## Transparency and Coordination in Human-Robot Collaboration

### Reference paper: Transparent Role Assignment and Task Allocation in Human Robot Collaboration [PDF] [BIB]

Authors: Alessandro Roncone, Olivier Mangin, and Brian Scassellati

Submission: IEEE International Conference on Robotics and Automation (ICRA2014), Singapore, May 29-June 3, 2017

We believe the transition from robots as recipients of human instruction to robots as capable collaborators hinges around the implementation of transparent systems, where mental models about the task are shared between peers, and the human partner is freed from the responsibility of taking care of both actors. In this work, we implement a transparent task planner able to be deployed in realistic, near-future applications. The proposed framework is capable of basic reasoning capabilities for what concerns role assignment and task allocation, and it interfaces with the human partner at the level of abstraction he is most comfortable with. The system is readily available to non-expert users, and programmable with high-level commands in an intuitive interface. Our results demonstrate an overall improvement in terms of completion time, as well as a reduced cognitive load for the human partner.

Video summary of the proposed work.

## Method

We target robotic systems that are readily available to non-expert users. In this respect, a hierarchical task model (HTM) serves as the entry point for such users: it models the task with the same level of abstraction that one would use to describe the task to another person, while hiding the details of the implementation (cf. Fig. 1).

Figure 1. HTM for high-level task representation. The user can inspect the task at various levels of granularity, and get feedback from the robot about its estimate of the current subtask (cyan block in picture).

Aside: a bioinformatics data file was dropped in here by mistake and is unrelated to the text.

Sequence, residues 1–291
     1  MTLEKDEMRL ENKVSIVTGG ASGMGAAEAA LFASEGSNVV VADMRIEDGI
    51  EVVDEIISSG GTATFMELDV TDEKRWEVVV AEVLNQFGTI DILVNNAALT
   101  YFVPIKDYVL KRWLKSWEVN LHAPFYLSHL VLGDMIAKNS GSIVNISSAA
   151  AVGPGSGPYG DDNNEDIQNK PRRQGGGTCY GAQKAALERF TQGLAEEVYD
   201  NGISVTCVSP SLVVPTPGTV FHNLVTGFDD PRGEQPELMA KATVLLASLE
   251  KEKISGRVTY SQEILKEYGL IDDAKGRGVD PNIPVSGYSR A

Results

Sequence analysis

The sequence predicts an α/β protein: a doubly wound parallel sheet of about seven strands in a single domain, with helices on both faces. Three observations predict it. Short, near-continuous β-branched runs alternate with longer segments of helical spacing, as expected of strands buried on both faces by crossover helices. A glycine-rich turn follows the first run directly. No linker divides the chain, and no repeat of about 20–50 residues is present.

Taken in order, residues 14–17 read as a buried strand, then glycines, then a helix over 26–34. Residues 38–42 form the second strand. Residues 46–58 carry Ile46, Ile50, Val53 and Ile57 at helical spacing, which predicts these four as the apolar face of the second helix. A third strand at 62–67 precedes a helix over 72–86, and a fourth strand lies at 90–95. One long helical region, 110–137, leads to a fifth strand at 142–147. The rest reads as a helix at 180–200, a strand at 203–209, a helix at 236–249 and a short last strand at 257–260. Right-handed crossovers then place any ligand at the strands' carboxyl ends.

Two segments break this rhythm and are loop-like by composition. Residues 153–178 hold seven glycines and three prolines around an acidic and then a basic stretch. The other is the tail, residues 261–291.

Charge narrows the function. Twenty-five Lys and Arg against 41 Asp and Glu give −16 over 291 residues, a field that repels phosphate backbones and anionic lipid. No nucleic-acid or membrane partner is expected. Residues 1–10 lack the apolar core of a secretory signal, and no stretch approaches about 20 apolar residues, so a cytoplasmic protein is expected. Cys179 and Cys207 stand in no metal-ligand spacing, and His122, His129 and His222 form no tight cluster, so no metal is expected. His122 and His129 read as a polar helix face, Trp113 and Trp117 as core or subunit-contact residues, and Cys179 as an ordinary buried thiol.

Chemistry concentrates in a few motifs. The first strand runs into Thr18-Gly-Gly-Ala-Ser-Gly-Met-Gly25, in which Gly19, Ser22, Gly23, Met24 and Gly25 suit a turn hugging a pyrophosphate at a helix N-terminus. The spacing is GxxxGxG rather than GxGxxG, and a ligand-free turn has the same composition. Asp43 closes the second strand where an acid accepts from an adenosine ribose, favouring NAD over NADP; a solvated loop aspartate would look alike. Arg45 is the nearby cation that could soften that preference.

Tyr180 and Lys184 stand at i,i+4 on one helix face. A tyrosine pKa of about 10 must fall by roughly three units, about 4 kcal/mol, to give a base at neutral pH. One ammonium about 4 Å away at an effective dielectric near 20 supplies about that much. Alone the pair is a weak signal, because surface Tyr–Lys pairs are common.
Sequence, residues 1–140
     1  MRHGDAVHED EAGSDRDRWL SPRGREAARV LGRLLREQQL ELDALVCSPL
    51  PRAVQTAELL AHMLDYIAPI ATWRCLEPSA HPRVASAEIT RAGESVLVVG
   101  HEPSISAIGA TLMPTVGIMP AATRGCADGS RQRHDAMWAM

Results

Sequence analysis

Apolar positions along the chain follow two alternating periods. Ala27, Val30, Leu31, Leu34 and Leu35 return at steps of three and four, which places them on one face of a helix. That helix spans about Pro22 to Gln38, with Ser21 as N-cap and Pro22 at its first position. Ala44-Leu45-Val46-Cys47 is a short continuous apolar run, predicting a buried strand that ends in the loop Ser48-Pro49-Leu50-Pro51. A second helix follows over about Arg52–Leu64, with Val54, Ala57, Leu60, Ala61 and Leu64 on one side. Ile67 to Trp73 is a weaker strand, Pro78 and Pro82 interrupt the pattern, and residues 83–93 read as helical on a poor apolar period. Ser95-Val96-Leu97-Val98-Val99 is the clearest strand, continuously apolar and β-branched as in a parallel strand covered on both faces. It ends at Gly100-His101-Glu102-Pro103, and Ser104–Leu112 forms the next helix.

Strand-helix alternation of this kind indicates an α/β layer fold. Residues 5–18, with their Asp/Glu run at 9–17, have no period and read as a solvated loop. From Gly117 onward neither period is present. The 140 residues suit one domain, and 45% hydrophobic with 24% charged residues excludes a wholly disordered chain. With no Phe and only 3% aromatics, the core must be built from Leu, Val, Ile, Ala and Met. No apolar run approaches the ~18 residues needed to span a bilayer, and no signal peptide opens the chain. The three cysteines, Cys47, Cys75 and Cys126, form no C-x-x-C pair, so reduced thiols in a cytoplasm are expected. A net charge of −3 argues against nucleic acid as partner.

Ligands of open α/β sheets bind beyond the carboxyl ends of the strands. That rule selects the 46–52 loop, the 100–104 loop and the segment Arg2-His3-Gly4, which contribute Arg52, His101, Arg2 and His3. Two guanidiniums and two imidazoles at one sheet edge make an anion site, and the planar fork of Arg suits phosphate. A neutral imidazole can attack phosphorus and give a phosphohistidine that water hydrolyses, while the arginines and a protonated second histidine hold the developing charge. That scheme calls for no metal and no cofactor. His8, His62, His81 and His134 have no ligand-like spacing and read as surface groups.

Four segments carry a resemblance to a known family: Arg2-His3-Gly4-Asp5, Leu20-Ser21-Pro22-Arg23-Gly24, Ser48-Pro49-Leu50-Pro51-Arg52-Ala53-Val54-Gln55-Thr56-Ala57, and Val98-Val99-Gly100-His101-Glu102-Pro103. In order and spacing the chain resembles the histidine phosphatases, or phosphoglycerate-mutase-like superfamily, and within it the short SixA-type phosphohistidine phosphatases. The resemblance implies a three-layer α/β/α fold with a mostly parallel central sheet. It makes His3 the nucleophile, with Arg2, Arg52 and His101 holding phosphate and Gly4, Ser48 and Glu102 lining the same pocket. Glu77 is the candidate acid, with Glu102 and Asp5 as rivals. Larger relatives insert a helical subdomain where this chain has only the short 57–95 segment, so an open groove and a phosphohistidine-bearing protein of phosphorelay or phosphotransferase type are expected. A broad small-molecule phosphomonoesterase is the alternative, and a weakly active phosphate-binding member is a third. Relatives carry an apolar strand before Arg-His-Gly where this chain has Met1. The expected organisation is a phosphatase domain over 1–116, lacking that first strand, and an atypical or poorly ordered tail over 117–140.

We propose an automated technique able to transform task-level HTMs into low-level on-line planners by using POMDPs. We focus on the optimal exploitation of communication as a (costly) way to reduce uncertainty on the system without affecting its state. To fulfill this goal, we convert each primitive subtask (that is, each leaf composing the HTM in Fig. 1) into a small, modular POMDP, which we call a restricted model (RM [Shani2014], cf. Fig. 2). Hence, the RMs are mostly independent from the rest of the problem and can be studied in isolation. Rach RM is then composed at a later stage and the problem is solved in its entirety. This approach benefits from the modularity of the HTM representation, without the typical sub-optimality of policies that do not consider the full problem.

Figure 2. Depiction of the technique used to transform human-readable task models into robot-executable policies. We focus on the optimal exploitation of communication as a (costly) way to reduce uncertainty on the system without affecting its state.

## Experiment

In our experiment, the human and the robot are engaged in the joint construction of flat-pack furniture—specifically a stool (cf. Fig. 3). The metric used to assess the effectiveness of our approach is the completion time that the overall human-robot collaborative system takes to complete the task. We compare our proposed system (Exp B) against a control condition (Exp A), where the human operator actively asks for specific actions to be performed by the robot through a web interface. A series of snapshots illustrating the task is shown in Fig. 3.

Figure 3. Snapshots acquired during the collaborative assembly of the stool in the control condition (top) and the interactive condition (bottom).

## Results

The framework has been released under the LGPLv2.1 open-source license, and it is freely accessible on github.com/scazlab/baxter_collaboration for the Baxter’s controllers, and github.com/scazlab/task-models for the HTM to POMDP planner. Although the majority of the codebase is robot-independent, the control architecture is readily available for any Baxter robot.

We test the proposed system in a proof-of-concept scenario in which the human and the robot are engaged in the joint construction of a stool. The system has been evaluated with 8 participants, in a within-subjects design. Overall, the results suggest evidence of an improvement in terms of task efficiency: two-samples t-test between conditions A and B shows statistically significant difference, with a p-value of 0.016.

Finally, we have registered a general user preference toward the proposed system. Multiple reasons were given that support the idea that a more transparent interaction favors the collaboration between peers. Most of the comments suggested a reduced cognitive load as the reason for such preference. Please refer to the paper for further information.